Spitzer: The Banking System is Broken
The system is broken, the banking system that is, says former New York Gov. and State Attorney General Eliot Spitzer.
(AP Photo/Steven Senne)
On the cusp of bonus season on Wall Street, Spitzer blasted U.S. banks for their imminent multimillion dollar executive compensation packages, telling CBS' "The Early Show" Monday their profits were built solely on taxpayer-funded bailouts. "They (banks) believe they are entitled to these crazy sums of money," Spitzer said. "It is inequitable, it is wrong."
Despite the recession, financial firms had a blockbuster year. For some chief executives and top producers, they could be getting bonuses with six, seven or even eight figures, reports CBS News correspondent Jeff Glor.
Bonus Bingo Resumes As Financial Crisis Commission Convenes
White House Economic Adviser Christina Romer fired the administration's latest shot toward Wall Street, saying Sunday that the bonuses were "ridiculous," adding that it will "offend the American people."
Asked what needs to change, Spitzer, who was once known as the "sheriff of Wall Street" before a sex scandal with a prostitute while New York governor destroyed his political career, was blunt: "We need a different banking system."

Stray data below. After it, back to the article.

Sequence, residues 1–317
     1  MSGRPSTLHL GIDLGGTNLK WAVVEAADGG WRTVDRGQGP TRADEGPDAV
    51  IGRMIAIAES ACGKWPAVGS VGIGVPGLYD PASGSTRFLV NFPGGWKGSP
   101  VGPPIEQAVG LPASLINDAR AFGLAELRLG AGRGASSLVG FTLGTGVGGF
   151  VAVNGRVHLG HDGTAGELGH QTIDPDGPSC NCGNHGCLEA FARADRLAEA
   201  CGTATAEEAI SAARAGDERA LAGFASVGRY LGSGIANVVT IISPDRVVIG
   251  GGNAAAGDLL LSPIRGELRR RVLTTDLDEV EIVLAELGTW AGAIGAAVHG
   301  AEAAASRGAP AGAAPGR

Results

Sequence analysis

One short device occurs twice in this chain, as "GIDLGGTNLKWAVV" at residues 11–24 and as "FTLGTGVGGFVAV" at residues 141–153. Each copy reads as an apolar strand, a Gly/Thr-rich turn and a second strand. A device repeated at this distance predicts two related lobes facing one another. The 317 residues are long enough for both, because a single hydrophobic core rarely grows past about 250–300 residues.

He said Treasury Secretary Timothy Geithner, with whom he regularly clashed when Geithner was the head of the New York Fed, "embraces the old vision of what banking should be."
"Right now we don't have a template for reform that is adequate," Spitzer said. "We need something fundamentally different."
Click below to see Spitzer's full interview with "The Early Show's" Harry Smith:
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This week, the financial crisis inquiry commission begins hearings with the nation's top bank executives expected to attend. The commission was created by congress to investigate the near-collapse of the financial system," Glor reports.
Of the major investment banks to receive bailout money, Goldman Sachs is likely to get the lion's share of scrutiny thanks to its soaring profits and list of alumni holding key government positions. One analyst tells the Journal he expects Goldman Sachs to dole out $18 billion in bonuses, a 64 percent increase from 2008.
Goldman Sachs is trying to buffer itself from criticism by considering telling its top-earners they have to donate a certain percentage of its earnings to charity, The New York Times reports. However, the Times reports Goldman employees could make an average of almost $600,000.
Goldman Sachs declined to talk to both the Times and the Journal for their stories.
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